Title

Rude Noises: Queer Zines, Unsettling the Symbolic and Enjoying Abjection

Presenter

Meredith Ruff

Abstract

Abjection, the process of being marginalized, is more than a harmful way of being pushed outside of culture. While scholars approach Julia Kristeva’s psychoanalytic concept of abjection in many different ways, I argue that abjection offers up the margins of culture as a potentially productive space. Reading the queer/punk fanzine Homocore through a method of tropological economy, I illustrate what anti-assimilation subcultures can do in their place on the edge of normative cultures. Ultimately, Homocore demonstrates that abjection, accompanied by feelings of jouissance (French for enjoyment or delight), can unsettle existing power relations. Instances of abjection can thus transform “the center” of normative cultures by destabilizing the Symbolic Order, Lacan’s notion of the means of understanding communication, upon which the center relies.

Faculty Sponsor

Heather Hayes

Sponsor Department/Programs

Rhetoric Studies

Tracks

Rhetorical Studies: Interventions

Terms of Use

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Location

Reid G02

Presentation Type

Oral Presentation

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Apr 19th, 11:45 AM Apr 19th, 12:00 PM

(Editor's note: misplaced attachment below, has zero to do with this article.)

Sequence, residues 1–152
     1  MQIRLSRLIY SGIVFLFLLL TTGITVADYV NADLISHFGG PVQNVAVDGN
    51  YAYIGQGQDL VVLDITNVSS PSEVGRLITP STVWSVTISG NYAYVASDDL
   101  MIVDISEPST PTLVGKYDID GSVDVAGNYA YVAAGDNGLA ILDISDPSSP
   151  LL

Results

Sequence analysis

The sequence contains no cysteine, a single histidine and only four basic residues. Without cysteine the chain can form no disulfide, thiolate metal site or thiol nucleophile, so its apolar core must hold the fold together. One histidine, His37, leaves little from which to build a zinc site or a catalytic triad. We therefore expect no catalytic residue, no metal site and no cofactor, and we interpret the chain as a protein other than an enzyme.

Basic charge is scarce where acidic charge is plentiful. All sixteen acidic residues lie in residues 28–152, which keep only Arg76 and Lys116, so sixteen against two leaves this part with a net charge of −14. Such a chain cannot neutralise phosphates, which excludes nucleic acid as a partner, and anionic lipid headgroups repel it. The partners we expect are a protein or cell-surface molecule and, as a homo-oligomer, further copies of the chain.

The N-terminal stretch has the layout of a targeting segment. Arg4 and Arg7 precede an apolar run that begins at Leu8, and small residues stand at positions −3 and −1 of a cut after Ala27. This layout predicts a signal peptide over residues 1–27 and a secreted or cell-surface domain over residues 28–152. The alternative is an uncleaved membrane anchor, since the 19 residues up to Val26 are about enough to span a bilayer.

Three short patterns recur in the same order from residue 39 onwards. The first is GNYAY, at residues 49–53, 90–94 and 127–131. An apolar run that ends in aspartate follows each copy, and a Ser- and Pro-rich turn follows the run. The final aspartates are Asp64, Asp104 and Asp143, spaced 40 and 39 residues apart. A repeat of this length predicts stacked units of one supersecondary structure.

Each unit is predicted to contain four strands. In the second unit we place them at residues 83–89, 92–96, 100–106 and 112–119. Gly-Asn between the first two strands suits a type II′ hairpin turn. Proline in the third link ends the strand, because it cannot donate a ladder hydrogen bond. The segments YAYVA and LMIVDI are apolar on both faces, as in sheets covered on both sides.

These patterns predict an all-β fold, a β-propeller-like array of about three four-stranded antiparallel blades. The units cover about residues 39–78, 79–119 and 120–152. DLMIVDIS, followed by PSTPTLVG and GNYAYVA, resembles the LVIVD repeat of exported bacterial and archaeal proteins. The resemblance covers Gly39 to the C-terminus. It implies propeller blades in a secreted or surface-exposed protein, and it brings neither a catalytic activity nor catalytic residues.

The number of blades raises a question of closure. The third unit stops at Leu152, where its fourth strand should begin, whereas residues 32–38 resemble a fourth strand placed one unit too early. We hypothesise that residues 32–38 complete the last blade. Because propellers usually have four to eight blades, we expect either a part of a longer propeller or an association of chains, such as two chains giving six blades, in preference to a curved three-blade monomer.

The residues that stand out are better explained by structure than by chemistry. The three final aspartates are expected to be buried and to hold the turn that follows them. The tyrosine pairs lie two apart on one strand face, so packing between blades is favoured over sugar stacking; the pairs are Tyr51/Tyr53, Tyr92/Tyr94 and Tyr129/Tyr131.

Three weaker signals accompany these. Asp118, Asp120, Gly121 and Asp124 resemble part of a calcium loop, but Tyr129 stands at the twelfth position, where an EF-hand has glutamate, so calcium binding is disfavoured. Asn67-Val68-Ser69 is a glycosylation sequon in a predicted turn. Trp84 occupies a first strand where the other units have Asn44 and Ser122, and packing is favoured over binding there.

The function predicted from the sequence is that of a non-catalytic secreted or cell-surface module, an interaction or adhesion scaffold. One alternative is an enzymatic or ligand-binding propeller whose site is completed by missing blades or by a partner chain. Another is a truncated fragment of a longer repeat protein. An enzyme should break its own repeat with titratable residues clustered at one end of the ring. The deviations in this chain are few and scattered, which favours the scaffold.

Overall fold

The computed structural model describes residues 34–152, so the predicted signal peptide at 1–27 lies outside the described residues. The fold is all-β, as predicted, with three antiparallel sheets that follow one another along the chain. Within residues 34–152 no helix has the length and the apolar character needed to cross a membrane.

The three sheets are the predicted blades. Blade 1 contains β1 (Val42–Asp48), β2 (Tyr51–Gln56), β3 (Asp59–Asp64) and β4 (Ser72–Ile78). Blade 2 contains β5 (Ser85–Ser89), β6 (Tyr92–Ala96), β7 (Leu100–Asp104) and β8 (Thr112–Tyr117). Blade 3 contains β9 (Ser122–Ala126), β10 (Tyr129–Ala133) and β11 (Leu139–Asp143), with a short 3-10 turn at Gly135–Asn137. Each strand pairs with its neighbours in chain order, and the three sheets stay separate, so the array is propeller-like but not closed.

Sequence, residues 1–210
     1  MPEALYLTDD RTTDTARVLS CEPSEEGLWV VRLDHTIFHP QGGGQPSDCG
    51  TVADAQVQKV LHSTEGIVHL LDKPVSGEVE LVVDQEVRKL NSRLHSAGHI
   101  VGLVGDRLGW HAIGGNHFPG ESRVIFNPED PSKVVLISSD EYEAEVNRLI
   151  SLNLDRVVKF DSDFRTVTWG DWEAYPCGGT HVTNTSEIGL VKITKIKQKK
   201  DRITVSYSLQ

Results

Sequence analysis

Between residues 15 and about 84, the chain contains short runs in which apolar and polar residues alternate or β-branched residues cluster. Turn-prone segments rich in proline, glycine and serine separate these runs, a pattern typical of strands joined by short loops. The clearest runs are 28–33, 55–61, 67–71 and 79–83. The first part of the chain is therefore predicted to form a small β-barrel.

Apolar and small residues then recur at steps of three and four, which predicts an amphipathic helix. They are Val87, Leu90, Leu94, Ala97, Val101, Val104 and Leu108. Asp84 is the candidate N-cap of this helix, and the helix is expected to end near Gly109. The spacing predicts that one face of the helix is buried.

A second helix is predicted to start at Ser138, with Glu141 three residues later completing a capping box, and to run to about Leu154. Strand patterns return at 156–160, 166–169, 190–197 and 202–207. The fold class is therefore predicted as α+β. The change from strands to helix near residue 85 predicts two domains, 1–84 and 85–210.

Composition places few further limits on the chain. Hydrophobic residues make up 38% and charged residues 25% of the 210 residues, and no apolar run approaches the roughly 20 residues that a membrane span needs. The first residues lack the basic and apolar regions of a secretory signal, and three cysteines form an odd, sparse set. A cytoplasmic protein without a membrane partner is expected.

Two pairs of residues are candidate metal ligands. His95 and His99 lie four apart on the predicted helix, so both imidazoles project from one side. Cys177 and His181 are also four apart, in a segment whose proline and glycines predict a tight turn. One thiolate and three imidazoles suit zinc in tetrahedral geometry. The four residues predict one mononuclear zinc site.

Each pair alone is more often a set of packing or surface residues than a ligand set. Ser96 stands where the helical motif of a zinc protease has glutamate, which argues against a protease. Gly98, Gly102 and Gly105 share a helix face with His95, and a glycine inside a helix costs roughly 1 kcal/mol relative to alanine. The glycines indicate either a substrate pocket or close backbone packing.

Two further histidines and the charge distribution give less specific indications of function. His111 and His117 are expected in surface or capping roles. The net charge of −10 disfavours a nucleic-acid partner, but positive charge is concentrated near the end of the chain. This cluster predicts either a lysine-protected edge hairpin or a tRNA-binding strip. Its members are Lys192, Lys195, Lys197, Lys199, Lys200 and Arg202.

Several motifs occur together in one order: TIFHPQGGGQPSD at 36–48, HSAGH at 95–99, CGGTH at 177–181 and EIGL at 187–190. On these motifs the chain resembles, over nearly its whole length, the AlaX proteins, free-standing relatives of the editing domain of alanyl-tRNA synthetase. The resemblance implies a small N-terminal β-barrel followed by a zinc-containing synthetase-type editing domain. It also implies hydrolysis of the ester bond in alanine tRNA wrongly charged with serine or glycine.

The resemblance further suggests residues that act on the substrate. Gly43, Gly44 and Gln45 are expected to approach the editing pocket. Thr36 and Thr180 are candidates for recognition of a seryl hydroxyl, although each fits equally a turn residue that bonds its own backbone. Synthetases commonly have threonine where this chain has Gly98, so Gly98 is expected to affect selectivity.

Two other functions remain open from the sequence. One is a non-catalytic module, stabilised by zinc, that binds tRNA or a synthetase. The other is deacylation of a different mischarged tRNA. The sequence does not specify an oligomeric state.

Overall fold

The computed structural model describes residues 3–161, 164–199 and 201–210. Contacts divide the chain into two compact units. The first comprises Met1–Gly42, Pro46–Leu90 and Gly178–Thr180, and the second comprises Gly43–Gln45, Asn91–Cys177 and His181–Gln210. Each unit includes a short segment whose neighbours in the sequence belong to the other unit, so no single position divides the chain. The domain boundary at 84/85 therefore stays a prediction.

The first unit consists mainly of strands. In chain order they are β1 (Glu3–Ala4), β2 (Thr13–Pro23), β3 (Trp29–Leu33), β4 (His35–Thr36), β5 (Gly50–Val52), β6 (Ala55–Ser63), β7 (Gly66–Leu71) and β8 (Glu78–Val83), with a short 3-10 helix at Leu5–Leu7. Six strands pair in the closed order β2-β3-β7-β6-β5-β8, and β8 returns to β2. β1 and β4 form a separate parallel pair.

Rude Noises: Queer Zines, Unsettling the Symbolic and Enjoying Abjection

Reid G02

Abjection, the process of being marginalized, is more than a harmful way of being pushed outside of culture. While scholars approach Julia Kristeva’s psychoanalytic concept of abjection in many different ways, I argue that abjection offers up the margins of culture as a potentially productive space. Reading the queer/punk fanzine Homocore through a method of tropological economy, I illustrate what anti-assimilation subcultures can do in their place on the edge of normative cultures. Ultimately, Homocore demonstrates that abjection, accompanied by feelings of jouissance (French for enjoyment or delight), can unsettle existing power relations. Instances of abjection can thus transform “the center” of normative cultures by destabilizing the Symbolic Order, Lacan’s notion of the means of understanding communication, upon which the center relies.

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